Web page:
OPA annual churning meeting at Barog Heights

Hotel Barog Heights is located at a height of 2043 metres above the mean sea level on a pretty hill

OPA annual churning meeting at Barog Heights
OPA Members after churning meeting at Barog Heights.

Ludhiana: The Annual Churning Meeting of OPA was organized at Hotel Barog Heights, near Solan in Himachal Pradesh on 15-16 February, 2020. About 26 OPA members attended this two day meeting to discuss and plan the activities of the association. The meeting was heavily subsidized, interested OPA members contributed only 50% charges i.e. Rs. 1500/-. The venue of the meeting Hotel Barog Heights is located at a height of 2043 metres above the mean sea level on a pretty hill. Just 60 kms from Chandigarh on Kalka – Shimla highway overlooking Dagshai, Kasauli, Solan at footstep. Due to its height, temperatures here range between 23 to 10 °C during summers and between 15 to 5 °C during winters. 

Scenic beauty of Barog, midway to Shimla from Chandigarh, though it  has lost some of its luster with the new bypass from Kumarhatti to Solan which does not touch this sleepy little hamlet of Himachal.
The story of this small city is quite different; Barog was settled in the early 20th century during the building of the narrow gauge Kalka-Shimla Railway. It is named after Colonel Barog, an engineer involved in building the railway track in 1903. Barog was responsible for designing a tunnel near the railway station. He commenced digging the tunnel from both sides of the mountain, which is quite common as it speeds up construction. However, he made mistakes in his calculation and while constructing the tunnel, it was found that the two ends of the tunnel did not meet. Barog was fined an amount of 1 Rupee by the British government. Unable to withstand the humiliation, Barog committed suicide. He was buried near the incomplete tunnel which is still available just 1 k.m. away from the present tunnel. The area came to be known as Barog after him.

OPA member also visited the famous tunnel.

Later the tunnel was constructed under Chief Engineer H.S. Harrington’s supervision guided by a local sage, Bhalku, in a short period from July 1900 to September 1903 at a cost 8.40 Lakh. This tunnel is the longest of the 103 operational tunnels on the route of the Shimla-Kalka Railway, which is 1143.61m long. Barog station is immediately after the tunnel. Barog tunnel is the straightest tunnel in the World. Trains take about 2.5 minutes to cross this tunnel, running at 25 km per hour. The economy of Barog is primarily dependent upon tourists, who come here due to its cool climate and close vicinity from Chandigarh. Barog is also influenced economically by the nearby Lawrence School, Sanawar. Barog also serves as a fitness camp for the Indian National Hockey and other athletic teams.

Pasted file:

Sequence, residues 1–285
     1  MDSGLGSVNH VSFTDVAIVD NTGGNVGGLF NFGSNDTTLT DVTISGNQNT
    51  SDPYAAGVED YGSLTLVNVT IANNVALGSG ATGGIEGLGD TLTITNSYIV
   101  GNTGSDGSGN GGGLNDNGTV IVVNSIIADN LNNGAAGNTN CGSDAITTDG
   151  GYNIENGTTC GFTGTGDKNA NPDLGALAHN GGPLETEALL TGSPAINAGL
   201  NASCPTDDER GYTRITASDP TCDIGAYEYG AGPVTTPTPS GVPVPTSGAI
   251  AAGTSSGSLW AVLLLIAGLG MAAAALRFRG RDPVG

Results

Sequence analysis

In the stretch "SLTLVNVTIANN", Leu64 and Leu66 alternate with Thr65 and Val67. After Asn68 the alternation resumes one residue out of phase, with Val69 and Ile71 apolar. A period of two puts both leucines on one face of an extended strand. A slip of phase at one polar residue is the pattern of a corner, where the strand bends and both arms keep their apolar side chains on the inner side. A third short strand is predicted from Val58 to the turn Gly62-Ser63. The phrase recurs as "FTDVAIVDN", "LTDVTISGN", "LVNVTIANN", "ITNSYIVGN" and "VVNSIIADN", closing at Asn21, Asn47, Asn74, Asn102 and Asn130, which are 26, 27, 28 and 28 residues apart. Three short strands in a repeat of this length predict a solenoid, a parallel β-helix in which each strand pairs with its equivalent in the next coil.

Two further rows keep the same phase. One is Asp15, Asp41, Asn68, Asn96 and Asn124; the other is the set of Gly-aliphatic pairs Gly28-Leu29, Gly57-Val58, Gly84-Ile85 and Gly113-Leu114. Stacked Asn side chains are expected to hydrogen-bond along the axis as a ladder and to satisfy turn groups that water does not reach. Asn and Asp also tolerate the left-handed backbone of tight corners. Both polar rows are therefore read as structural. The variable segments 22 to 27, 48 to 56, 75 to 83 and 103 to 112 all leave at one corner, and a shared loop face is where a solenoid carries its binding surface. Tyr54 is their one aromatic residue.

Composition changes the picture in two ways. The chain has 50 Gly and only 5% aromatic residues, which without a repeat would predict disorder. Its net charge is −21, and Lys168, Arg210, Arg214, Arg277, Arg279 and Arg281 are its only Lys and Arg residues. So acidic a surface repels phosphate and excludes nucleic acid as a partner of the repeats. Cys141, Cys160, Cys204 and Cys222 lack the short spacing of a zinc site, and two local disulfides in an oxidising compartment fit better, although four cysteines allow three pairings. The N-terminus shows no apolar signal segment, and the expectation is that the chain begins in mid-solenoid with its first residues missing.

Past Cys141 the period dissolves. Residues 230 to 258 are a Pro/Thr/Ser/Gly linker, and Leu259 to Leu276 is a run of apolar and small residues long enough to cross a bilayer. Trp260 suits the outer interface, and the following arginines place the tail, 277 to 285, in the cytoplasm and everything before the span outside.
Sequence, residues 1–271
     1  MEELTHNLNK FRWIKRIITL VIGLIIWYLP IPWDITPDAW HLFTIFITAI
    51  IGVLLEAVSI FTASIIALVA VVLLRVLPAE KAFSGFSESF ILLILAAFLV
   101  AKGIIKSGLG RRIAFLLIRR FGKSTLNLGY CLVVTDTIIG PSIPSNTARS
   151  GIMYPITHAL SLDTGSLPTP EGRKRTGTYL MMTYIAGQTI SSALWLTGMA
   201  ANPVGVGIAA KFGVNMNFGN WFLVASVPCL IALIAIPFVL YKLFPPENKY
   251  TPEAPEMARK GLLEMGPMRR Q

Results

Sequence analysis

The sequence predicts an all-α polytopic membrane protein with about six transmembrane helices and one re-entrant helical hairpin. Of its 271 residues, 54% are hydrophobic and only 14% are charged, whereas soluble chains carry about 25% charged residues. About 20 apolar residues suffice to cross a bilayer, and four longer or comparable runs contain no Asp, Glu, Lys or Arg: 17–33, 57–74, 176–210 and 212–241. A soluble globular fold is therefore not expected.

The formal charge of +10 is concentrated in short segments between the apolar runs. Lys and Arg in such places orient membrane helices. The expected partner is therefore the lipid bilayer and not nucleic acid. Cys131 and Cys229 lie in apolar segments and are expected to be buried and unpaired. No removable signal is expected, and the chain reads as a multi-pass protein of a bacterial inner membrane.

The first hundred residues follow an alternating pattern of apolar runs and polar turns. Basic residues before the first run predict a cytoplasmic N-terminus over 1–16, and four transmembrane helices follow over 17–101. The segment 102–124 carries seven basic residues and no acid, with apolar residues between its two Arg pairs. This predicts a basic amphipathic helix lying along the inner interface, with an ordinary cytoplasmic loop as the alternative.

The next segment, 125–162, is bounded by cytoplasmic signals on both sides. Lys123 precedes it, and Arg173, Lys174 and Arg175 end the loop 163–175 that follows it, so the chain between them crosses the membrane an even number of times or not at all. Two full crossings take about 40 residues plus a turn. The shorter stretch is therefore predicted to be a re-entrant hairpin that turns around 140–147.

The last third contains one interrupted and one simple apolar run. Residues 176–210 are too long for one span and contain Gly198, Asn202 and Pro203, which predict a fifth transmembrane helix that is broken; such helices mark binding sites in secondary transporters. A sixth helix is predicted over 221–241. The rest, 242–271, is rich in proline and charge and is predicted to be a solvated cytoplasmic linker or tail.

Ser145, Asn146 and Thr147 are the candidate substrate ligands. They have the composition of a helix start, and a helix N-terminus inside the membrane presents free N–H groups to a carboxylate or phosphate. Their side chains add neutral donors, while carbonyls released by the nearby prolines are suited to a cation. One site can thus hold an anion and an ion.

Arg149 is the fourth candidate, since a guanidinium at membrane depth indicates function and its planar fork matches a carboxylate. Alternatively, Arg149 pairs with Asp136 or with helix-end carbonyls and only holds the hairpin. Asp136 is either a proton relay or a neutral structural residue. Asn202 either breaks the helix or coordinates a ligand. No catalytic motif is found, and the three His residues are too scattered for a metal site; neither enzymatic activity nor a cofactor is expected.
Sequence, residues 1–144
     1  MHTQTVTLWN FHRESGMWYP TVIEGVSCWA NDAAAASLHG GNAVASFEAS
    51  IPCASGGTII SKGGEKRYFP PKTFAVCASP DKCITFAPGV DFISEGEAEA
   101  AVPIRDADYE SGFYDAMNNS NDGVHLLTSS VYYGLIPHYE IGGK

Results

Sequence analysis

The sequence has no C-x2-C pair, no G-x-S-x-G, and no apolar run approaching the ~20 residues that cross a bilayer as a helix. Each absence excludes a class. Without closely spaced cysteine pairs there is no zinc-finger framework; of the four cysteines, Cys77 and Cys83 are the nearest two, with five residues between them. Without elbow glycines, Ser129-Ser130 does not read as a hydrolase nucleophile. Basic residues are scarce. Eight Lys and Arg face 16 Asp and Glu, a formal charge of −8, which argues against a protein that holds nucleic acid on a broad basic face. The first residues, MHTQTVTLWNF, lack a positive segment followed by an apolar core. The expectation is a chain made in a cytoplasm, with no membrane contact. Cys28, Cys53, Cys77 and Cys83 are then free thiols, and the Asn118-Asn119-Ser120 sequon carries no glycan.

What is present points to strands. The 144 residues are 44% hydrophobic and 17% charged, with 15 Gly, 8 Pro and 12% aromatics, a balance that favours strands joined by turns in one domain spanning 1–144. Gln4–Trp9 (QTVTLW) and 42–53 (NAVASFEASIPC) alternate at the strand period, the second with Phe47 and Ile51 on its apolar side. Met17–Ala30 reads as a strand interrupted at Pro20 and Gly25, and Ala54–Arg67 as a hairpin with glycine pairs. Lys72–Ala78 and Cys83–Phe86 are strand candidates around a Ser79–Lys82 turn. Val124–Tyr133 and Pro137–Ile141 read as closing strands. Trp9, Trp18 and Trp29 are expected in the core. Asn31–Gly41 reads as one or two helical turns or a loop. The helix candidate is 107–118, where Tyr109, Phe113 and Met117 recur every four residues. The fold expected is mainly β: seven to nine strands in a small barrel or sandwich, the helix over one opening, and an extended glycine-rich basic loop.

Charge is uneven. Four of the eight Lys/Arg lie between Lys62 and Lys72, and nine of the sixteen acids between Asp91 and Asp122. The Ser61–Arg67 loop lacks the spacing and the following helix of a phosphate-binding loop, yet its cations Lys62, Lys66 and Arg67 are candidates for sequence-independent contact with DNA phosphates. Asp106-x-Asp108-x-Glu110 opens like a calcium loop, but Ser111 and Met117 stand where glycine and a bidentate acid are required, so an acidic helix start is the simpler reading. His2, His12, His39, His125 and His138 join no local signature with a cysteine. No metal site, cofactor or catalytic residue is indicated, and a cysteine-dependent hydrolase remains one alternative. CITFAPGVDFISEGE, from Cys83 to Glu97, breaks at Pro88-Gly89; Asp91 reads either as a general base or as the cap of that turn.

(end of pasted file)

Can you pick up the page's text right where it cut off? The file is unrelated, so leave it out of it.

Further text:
Speaking on the purpose of the meeting away from their place of work, Prof. Kamal Chopra, General Secretary said, stress and tension have been linked to numerous ailments, including heart disease, high blood pressure, atherosclerosis, irritable bowel syndrome, ulcers, anxiety disorders, insomnia, and substance abuse. Stress can also trigger a number of distinct physical symptoms, including nausea, headache, hair loss, fatigue, and muscle pain. Relaxation has been shown to reduce the incidence and severity of stress-related diseases and disorders in many patients. Taking these facts in mind and just to enjoy the Panoramic View of the Hills & valleys that unfolds themselves for the fantastic view, OPA decided to conduct the Churning meeting at Hotel Barog Heights (Near Kasauli). Prof. Chopra added that the interested members were intimated to reach before 12.00 noon so that the executive meeting may be started at 3.00 p.m. after lunch. The Churning meeting was started immediately after the executive meeting of OPA at about 5.00 p.m. after tea. All the members present there were supposed to give their point of view, opinions and comments one by one independently. It was essential for all the present to say something about his working, problems and/or about printing industry. All such points were discussed in detail on the following day i.e. 16th February, 2020.

The two day meeting remained highly educative as well as relaxing, orated by the members. 
The major points of discussion in this meeting remained the ‘future printing’, ‘slump in the market’, ‘increasing stiff competition’ and requirement of technical training and educative seminars for the knowledge of the printers. It was agreed by the members that now time is there for working in close cooperation in a cluster at one end and to start purchasing in bulk to save the cost of raw materials. At the same time it is essential to request the government for providing electricity at subsidized rates and to impose duty on printed goods coming from other countries. Printing industry of the region is getting threats not only from the neighbouring SEZ but also from China. The manufacturers of the region are not only getting their products manufactured from China but its packaging is also being imported from China. In such a situation it is becoming difficulty for the local printers to withstand the competition but it is the matter of survival of the printing and packaging industry of the region.